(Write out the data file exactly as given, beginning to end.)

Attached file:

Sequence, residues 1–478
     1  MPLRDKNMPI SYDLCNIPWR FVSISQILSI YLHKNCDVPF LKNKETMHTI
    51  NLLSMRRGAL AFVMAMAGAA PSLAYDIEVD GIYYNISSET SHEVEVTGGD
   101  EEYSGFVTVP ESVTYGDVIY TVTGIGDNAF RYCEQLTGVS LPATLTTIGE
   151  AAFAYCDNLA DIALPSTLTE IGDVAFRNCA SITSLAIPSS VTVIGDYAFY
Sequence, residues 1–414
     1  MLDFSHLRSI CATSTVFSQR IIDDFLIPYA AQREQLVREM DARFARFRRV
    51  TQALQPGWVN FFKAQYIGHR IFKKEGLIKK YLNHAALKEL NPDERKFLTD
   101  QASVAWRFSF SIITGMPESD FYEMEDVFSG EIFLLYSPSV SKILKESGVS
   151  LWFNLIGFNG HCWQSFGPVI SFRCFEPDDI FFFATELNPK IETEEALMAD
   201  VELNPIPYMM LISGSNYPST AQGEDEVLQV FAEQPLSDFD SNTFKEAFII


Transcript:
Sequence, residues 1–478
     1  MPLRDKNMPI SYDLCNIPWR FVSISQILSI YLHKNCDVPF LKNKETMHTI
    51  NLLSMRRGAL AFVMAMAGAA PSLAYDIEVD GIYYNISSET SHEVEVTGGD
   101  EEYSGFVTVP ESVTYGDVIY TVTGIGDNAF RYCEQLTGVS LPATLTTIGE
   151  AAFAYCDNLA DIALPSTLTE IGDVAFRNCA SITSLAIPSS VTVIGDYAFY
Sequence, residues 1–414
     1  MLDFSHLRSI CATSTVFSQR IIDDFLIPYA AQREQLVREM DARFARFRRV
    51  TQALQPGWVN FFKAQYIGHR IFKKEGLIKK YLNHAALKEL NPDERKFLTD
   101  QASVAWRFSF SIITGMPESD FYEMEDVFSG EIFLLYSPSV SKILKESGVS
   151  LWFNLIGFNG HCWQSFGPVI SFRCFEPDDI FFFATELNPK IETEEALMAD
   201  VELNPIPYMM LISGSNYPST AQGEDEVLQV FAEQPLSDFD SNTFKEAFII